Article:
Support our siblings affected by disaster, hunger and oppression through One Great Hour of Sharing.

‘Sing love songs to a lonely world’

Friends of the late Presbyterian pastor and songwriter Richard Avery create a touching and loving online tribute

by Mike Ferguson | Presbyterian News Service

the Rev. Richard Avery

LOUISVILLE — Presbyterians of a certain age can still sing — still do sing — the songs of Richard Avery and Don Marsh: “Every Morning is Easter Morning,” “Hey! Hey! Anybody Listening?” “We’re Here to be Happy,” “We are the Church,” and so many other songs,  memorable for their catchy tunes and their lyrics embracing an authentic faith and calling for justice for all God’s children.

The Rev. Richard Avery, a pastor and half of the prolific songwriting duo Avery & Marsh, died March 15 in Santa Fe, New Mexico. Marsh, who for decades was Avery’s collaborator at First Presbyterian Church in Port Jervis, New York, died April 10, 2010.

On Sunday, many of the people touched and blessed by Avery’s long and productive years of musical and parish ministry aired an hour-long remembrance of their friend and pastor, who lived to be 85. View their work, housed on the website of the Presbytery of Santa Fe, by clicking here.

“So weep if you want to, or shout ‘hip-hooray,’” go the lyrics to Avery & Marsh’s “We’re Here to be Happy.” “God’s ready to meet you on this and every day.”

Betty Collins, who was the Port Jervis church’s first female ruling elder, recalled that if Avery couldn’t find just the right hymn for Sunday worship, he and Marsh would quickly write a new one. “We had many hymns right off the copy machine,” she said.

During his four decades as pastor there, it was Avery’s practice to invite people from the park across the street from the church to come join in worship, “no matter their condition or how they were dressed,” Collins said. Some became active members of the church. “He had an unwavering hope in God,” Collins said. “He shone as an example of God’s love.”

A number of choirs lent their voices as part of the virtual service. One was a virtual choir from Ghost Ranch Education and Retreat Center in Abiquiu, New Mexico, where Avery and Marsh put on workshops for three decades. Avery himself conducted the choir during at least one song.

Avery selected not only the songs he wanted sung at his service of witness to the resurrection, but the Scriptures he wanted to be read. Included were Isaiah 6:1-8 (“Whom shall I send, and who will go for us?” “Here am I; send me!”) and words from Jesus’ Sermon on the Mount found in Matthew 5:13-16 (“In the same way, let your light shine before others, so that they may see your good works and give glory to your Father in heaven.)”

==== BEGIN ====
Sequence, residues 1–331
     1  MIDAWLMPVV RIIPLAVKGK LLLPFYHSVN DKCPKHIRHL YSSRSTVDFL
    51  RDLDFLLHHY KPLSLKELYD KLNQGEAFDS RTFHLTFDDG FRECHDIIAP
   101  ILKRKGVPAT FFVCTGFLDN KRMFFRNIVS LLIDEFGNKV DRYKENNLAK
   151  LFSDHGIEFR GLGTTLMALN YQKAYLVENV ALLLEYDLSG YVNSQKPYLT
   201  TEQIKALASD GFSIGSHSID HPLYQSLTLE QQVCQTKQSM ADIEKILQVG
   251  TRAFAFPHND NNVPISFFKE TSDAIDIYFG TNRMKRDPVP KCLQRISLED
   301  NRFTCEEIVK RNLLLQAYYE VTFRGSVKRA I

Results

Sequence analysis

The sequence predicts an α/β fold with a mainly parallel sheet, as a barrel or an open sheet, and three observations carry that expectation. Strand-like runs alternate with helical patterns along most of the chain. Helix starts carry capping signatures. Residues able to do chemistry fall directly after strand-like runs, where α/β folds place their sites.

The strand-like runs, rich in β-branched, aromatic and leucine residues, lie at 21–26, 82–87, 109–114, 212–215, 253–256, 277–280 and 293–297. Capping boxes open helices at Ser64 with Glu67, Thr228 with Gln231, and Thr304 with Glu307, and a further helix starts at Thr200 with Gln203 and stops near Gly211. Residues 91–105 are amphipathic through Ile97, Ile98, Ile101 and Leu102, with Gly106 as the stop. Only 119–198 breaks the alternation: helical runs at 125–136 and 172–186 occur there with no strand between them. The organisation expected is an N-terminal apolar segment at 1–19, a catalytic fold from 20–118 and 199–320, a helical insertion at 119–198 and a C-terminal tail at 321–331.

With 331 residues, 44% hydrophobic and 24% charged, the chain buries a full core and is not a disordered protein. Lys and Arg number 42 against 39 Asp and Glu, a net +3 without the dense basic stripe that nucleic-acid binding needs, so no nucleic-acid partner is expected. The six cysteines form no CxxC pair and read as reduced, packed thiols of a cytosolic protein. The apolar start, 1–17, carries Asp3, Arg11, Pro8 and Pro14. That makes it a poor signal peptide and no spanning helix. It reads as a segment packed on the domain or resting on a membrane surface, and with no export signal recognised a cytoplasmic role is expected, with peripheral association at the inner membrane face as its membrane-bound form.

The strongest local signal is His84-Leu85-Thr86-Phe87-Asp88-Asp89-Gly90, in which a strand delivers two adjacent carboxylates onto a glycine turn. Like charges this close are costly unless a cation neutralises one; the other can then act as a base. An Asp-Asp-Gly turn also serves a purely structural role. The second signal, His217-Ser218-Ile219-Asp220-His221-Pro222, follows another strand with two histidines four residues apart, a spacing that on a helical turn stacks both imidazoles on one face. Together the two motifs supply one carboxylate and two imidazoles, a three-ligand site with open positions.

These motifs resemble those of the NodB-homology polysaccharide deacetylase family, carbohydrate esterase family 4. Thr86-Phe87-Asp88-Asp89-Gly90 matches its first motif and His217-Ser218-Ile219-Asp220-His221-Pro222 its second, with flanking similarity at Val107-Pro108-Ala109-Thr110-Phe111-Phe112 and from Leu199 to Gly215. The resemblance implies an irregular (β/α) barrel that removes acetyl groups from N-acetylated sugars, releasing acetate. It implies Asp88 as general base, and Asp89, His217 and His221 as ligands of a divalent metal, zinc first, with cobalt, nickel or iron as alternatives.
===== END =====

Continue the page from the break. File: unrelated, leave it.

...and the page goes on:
“He was the consummate preacher,” said Cindy Piatt, the organizing force behind Avery’s remembrance. He left behind “boxes of sermons” and “he spoke directly to people,” Piatt said. “I can attest they were thoughtful, provocative and challenging sermons.”

“Dick and Don were far ahead of their time writing songs for the ages,” Piatt said, adding, “they can be sung today.”

“We are the Church,” for example, could easily be sung during the current pandemic: “The church is not a building, the church is not a steeple, the church is not a resting place, the church is a people.”

One of Avery’s friends, the Rev. Chester Topple, recalled the day he met Avery in Santa Fe. Avery had offered his services to Topple and his congregation, and when the church’s choir director moved, Topple called the retired pastor wondering if the offer still stood.

It did, and soon Avery’s enthusiasm and ability doubled the size of the church choir. “He led people in the worship of God until he could no longer dance like David,” Topple said.

Avery and Marsh’s four decades serving the Port Jervis church — Topple called it “a Benedictine-type vow for stability” — helped the church become “a place for creative forms of worship for community concerts and theatrical events,” a church “ready to feed God’s lambs and give them comfort.”

“Dick loved the church, which as we all know is not a building and not a steeple,” Topple said. “It’s a place with doors open wide, banners unfurled and everyone is welcome. It’s a place where people are met by God and shown their sacred worth.”

“If we would honor and celebrate Dick’s life,” Topple said, “let us commit our hearts, our souls and our minds to the continuing journey to dismantle the wrongs in our midst and to allow the space for the new Earth and the new heaven to emerge.”

For the final song of Avery’s service, Jeff Jolly, music director at Covenant Presbyterian Church in Albuquerque, accompanied himself on guitar for “Sing Love Songs.” Among the lyrics:

“Sing love songs to a lonely world

Sing honest love songs by the score

Real love songs so all the lonely world

Knows why the church is here and what the church is for …

Bring laughter to a somber world

Bring joy and laughter loud and clear

Make laughter that fills the whole wide world

Our message to the stars that true love has been here.”


Creative_Commons-BYNCNDYou may freely reuse and distribute this article in its entirety for non-commercial purposes in any medium. Please include author attribution, photography credits, and a link to the original article. This work is licensed under a Creative Commons Attribution-NonCommercial-NoDeratives 4.0 International License.

  • Subscribe to the PC(USA) News

  • Interested in receiving either of the PC(USA) newsletters in your inbox?

  • This field is for validation purposes and should be left unchanged.